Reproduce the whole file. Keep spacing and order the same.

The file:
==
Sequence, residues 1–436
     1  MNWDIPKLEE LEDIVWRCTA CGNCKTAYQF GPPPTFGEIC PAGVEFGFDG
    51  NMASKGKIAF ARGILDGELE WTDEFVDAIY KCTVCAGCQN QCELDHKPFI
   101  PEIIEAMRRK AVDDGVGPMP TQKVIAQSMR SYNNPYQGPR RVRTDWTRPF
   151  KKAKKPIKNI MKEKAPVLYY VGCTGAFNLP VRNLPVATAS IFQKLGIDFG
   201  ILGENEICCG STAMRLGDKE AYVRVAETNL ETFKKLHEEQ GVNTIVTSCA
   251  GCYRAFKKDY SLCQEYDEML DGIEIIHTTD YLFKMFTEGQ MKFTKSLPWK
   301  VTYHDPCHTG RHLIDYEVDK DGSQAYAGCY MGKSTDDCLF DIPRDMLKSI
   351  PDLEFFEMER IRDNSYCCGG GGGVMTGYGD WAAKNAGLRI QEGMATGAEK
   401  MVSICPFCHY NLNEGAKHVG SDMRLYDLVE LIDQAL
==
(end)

Sequence, residues 1–436
     1  MNWDIPKLEE LEDIVWRCTA CGNCKTAYQF GPPPTFGEIC PAGVEFGFDG
    51  NMASKGKIAF ARGILDGELE WTDEFVDAIY KCTVCAGCQN QCELDHKPFI
   101  PEIIEAMRRK AVDDGVGPMP TQKVIAQSMR SYNNPYQGPR RVRTDWTRPF
   151  KKAKKPIKNI MKEKAPVLYY VGCTGAFNLP VRNLPVATAS IFQKLGIDFG
   201  ILGENEICCG STAMRLGDKE AYVRVAETNL ETFKKLHEEQ GVNTIVTSCA
   251  GCYRAFKKDY SLCQEYDEML DGIEIIHTTD YLFKMFTEGQ MKFTKSLPWK
   301  VTYHDPCHTG RHLIDYEVDK DGSQAYAGCY MGKSTDDCLF DIPRDMLKSI
   351  PDLEFFEMER IRDNSYCCGG GGGVMTGYGD WAAKNAGLRI QEGMATGAEK
   401  MVSICPFCHY NLNEGAKHVG SDMRLYDLVE LIDQAL